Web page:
The Main Parts of a Boat

February 9, 2022

Nautical terminology plays a significant role in understanding what’s going on aboard a boat. In this article, the experts at the National Boating Safety School present the main parts of a boat and associated boating vocabulary to help familiarize you with the way things are done at sea!

The main sections of a boat

Do you know how to say front, back, left and right in nautical terms? These four directions are known by different words on the water. The four main sections of a boat are called the bow, stern, port and starboard.

Boaters also use different terms for other things such as measuring distance and wind, but the four main sections are the most important terms to know in order to be able to situate yourself and communicate effectively on a boat.

The bow

The bow is the front part of a boat. It includes the prow, the stem and the foremost part of the hull.

The stern

The stern is the back part of a boat. The word “stern” is thought to stem from the word “steer”, since boats are usually steered from the back.


Port is the nautical name for the left side of a vessel.


Starboard is the nautical name for the right side of a vessel.

The centerline

The centerline is an imaginary line running from the bow to the stern of a vessel. The line divides the boat into two completely equal halves.

Why not just use left and right?

The terms port and starboard were developed to eliminate confusion. Whereas your perception of left and right will change depending on where you are on a boat and which direction you’re facing, port and starboard will always remain consistent—port means left and starboard means right when facing towards the bow.

The anatomy of a boat

Now that you’re familiar with the main sections of a boat, let’s take a closer look at its components.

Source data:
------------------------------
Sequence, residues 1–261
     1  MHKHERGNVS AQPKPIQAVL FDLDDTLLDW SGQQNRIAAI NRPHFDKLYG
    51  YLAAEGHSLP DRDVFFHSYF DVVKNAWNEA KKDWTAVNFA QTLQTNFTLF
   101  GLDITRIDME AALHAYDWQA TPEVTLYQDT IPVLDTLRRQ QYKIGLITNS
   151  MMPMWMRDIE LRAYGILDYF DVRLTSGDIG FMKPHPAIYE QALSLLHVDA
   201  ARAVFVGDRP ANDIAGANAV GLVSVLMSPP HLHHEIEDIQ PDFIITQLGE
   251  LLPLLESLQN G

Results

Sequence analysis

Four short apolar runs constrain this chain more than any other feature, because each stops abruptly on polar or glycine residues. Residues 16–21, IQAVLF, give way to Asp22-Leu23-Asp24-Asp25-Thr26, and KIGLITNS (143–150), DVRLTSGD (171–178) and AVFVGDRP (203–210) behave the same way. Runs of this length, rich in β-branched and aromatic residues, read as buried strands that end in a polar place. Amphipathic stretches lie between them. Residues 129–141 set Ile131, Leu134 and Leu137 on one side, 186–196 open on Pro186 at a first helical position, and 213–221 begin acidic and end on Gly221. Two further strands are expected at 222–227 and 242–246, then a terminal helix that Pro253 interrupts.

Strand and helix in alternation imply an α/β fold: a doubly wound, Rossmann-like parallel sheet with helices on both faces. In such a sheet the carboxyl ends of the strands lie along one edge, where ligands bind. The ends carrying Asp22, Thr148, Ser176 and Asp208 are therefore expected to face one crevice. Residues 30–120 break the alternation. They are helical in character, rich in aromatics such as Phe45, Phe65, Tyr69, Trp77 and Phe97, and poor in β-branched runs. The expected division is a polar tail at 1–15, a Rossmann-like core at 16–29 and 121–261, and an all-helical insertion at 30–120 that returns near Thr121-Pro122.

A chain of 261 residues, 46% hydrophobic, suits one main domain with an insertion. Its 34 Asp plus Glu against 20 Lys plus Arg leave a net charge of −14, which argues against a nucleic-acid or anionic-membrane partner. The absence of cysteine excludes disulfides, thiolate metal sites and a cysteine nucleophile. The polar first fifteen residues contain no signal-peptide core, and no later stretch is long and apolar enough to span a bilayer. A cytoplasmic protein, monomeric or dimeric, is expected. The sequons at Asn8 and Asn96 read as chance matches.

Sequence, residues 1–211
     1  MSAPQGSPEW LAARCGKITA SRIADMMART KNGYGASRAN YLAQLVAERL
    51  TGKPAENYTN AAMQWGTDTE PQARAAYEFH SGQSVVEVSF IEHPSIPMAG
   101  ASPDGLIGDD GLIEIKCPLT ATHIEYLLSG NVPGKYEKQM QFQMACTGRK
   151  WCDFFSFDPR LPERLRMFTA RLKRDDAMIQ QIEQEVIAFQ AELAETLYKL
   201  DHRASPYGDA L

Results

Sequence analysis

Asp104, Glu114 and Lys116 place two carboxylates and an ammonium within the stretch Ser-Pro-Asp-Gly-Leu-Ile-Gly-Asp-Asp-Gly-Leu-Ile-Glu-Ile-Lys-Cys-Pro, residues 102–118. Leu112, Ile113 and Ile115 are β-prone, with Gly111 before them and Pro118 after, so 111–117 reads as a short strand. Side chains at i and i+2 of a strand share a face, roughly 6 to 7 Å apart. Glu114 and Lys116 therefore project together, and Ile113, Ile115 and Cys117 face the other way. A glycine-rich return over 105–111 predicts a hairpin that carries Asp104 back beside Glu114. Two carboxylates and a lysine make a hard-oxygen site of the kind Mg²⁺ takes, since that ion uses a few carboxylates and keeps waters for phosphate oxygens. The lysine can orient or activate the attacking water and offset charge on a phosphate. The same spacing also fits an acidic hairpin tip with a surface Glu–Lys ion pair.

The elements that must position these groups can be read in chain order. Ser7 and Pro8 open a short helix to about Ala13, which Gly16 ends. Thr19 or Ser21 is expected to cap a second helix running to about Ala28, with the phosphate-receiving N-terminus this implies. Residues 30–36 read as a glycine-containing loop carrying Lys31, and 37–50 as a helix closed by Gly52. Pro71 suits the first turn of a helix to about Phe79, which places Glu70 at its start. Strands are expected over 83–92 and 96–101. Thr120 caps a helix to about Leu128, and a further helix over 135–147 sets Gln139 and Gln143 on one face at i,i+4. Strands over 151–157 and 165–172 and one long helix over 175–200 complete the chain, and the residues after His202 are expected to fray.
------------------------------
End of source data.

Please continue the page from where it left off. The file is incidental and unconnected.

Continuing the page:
The deck

The decks are the horizontal surfaces of a vessel. They are usually made of wood or metal. There can be several levels of decks, each at a different height from the keel. The space between decks is aptly named the tween deck.

Part of a boat - The deck

The keel

The keel is one of the most important parts of a boat. It’s the structural component that links the stem to the stern tube.

Part of a boat - The kneel

The stem

The stem is a piece of wood or metal that forms the foremost part of the hull. The stem features in the expression “from stem to stern”, which means from one end to the other or involving the whole of something.

The underside

The underside is the part of a boat’s hull that is submerged.

The stern tube

The stern tube contains the rudder fittings. Usually made of wood or metal, it is located at the very back of the hull.

The steering mechanism

The steering mechanism of a boat includes the rudder, which is a device located under the waterline that controls the direction of the boat, and the helm, which is operated by a boater to control the rudder.

Part of a boat - The steering mechanism

The propeller

The propeller is the component that propels the boat forward. The propeller is crucial because it is the main factor that determines the boat’s speed and the way it handles.

The motor


Outboard motors are located on the outside of a boat and tend to be easily visible. They are usually attached to the hull and are common on small motorboats.

Part of a boat - Outboard motor


Inboard motors are located inside a boat and can be found on vessels large and small. Inboard boat motors work differently than their outboard counterparts.

Part of a boat - Inboard motor

The hull

The hull is the external structure of a boat, excluding the cabin, mast, deck and rigging. Some boats have more than one hull. A boat made up of two connected hulls is called a catamaran, and one with three is called a trimaran.

The waterline

The waterline is the level the water reaches on a boat’s hull. It’s the line that separates the submerged part of the boat (the draft) from the part that is above the water (the freeboard).

Most boats will have a mark that indicates where the waterline should be. If the waterline mark is submerged, that means that the current load exceeds the boat’s maximum capacity.

The hold

The hold is the space inside a boat between the keel and the lowest deck. On cargo ships, goods are usually kept in the hold.

Learn more about boating from the National Boating Safety School

If you’ve got these terms down, you’ve mastered the basics of nautical terminology. If you’d like to find out more about the parts of a boat and pleasure boating in general, the National Boating Safety School is a great resource. Our online course is easy to follow and contains everything you need to know about boating safety. After completing the course, you can take the online exam to obtain your boating license (pleasure craft operator card).

Get your card today